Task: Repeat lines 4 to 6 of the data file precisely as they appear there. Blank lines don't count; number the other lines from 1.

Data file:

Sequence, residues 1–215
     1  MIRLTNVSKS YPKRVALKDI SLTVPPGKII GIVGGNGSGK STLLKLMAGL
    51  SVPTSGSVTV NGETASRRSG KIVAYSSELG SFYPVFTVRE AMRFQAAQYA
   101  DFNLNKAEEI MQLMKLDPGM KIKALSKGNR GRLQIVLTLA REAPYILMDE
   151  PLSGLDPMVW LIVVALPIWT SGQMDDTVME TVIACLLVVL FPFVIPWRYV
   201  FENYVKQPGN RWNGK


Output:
   101  DFNLNKAEEI MQLMKLDPGM KIKALSKGNR GRLQIVLTLA REAPYILMDE
   151  PLSGLDPMVW LIVVALPIWT SGQMDDTVME TVIACLLVVL FPFVIPWRYV
   201  FENYVKQPGN RWNGK